Giant Magnetic Resistivity or GMR effects
occur when ultra-thin magnetic structures are set in close proximity
to each other. Alternately magnetic and non-magnetic layers can
be built up with the magnetic fields either parallel or anti-parallel,
creating very sensitive low- to high-resistance components. While
development is currently in progress in the United States and Japan,
sensors based on GMR remain unavailable on the market.
This project was aimed at developing a
new type of GMR sensor for contactless measurement of the direction
of weak magnetic fields. Up to ten nano-thin magnetic layers are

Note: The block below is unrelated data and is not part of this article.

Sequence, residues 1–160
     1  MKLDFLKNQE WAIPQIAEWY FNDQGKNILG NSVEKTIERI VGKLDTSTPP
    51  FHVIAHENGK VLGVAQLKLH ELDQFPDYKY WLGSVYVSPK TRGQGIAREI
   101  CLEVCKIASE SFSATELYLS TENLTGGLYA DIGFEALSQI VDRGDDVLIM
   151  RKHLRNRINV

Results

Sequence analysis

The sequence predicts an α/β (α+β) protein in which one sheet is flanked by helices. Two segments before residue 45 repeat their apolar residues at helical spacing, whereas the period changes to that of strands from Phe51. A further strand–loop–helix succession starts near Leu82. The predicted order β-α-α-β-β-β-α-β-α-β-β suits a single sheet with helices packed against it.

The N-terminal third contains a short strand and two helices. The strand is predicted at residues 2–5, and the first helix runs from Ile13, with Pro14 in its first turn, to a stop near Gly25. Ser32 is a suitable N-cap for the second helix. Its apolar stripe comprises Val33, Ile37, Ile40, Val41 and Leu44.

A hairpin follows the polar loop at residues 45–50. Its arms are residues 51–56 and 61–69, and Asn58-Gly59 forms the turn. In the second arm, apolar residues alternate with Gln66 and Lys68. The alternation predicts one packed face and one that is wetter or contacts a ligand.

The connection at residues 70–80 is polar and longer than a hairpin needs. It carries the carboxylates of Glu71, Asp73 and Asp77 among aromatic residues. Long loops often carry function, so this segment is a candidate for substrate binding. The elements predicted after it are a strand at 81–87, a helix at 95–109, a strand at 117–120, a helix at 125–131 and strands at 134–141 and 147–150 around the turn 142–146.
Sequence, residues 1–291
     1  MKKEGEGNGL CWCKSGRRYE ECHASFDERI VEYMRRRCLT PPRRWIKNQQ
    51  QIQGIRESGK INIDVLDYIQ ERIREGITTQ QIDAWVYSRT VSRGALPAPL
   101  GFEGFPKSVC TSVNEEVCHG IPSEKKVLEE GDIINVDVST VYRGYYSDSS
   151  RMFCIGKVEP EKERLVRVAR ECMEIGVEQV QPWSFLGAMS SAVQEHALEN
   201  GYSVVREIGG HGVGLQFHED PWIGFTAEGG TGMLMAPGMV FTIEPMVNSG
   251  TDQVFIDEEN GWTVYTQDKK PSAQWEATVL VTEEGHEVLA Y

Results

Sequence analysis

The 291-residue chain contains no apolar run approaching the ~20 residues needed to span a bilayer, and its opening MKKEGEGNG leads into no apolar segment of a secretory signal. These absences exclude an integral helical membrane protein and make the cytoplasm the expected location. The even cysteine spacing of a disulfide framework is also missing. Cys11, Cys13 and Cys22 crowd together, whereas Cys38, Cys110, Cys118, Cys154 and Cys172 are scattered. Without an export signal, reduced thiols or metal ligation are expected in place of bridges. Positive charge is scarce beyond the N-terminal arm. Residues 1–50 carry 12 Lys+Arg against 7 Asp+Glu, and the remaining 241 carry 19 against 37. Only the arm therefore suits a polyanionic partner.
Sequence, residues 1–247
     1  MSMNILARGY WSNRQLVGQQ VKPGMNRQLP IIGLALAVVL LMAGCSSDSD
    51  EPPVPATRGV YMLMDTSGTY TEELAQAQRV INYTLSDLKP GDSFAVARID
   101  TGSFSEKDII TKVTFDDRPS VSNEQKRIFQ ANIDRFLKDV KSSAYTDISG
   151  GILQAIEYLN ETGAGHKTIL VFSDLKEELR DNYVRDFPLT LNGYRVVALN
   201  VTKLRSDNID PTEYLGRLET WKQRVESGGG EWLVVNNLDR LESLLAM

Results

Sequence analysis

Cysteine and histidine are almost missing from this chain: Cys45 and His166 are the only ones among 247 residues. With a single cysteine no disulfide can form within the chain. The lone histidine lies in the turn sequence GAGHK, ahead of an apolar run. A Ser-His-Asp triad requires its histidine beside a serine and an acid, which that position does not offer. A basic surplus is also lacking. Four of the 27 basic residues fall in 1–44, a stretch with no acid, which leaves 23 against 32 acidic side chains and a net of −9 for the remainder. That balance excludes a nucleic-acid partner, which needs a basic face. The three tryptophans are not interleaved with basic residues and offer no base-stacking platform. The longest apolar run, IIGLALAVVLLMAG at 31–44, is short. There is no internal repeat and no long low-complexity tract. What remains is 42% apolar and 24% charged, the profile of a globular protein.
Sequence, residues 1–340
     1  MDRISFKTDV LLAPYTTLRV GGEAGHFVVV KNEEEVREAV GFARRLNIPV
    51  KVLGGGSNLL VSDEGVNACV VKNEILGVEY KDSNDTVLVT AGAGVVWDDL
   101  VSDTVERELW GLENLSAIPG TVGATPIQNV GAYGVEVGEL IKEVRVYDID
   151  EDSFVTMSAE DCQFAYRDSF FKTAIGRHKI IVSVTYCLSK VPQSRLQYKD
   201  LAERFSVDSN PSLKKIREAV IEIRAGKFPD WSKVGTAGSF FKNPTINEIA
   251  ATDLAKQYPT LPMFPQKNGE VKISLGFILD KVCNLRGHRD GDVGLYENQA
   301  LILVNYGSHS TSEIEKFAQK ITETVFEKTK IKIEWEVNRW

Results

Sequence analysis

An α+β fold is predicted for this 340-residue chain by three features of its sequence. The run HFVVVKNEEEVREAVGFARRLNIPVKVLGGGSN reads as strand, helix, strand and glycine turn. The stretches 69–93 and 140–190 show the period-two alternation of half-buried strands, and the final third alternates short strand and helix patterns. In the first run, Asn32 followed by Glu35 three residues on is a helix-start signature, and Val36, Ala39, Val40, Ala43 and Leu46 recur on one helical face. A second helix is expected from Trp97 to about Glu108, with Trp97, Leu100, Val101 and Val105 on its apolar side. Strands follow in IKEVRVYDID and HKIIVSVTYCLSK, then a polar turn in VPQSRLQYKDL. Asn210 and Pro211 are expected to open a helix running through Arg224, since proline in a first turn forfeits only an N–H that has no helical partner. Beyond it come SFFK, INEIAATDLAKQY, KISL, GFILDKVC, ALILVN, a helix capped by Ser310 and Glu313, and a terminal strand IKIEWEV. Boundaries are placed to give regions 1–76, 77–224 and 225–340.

sputter-deposited on a silicon wafer which is then removed, leaving
an instrument which can sense magnetic fields over a 360-degree
The generic nature of the sensor and its
very small dimensions make for a wide variety of potential applications,
promising increased activity and competitiveness for European manufacturers.
Initial applications are envisaged in the automotive industry, including
angle and position sensors, potentiometers and throttle control,
wheel speed, engine speed, and gear shaft position sensors, all
of which could help to improve driving safety. Other possible applications
are seen in the automation and medical sectors.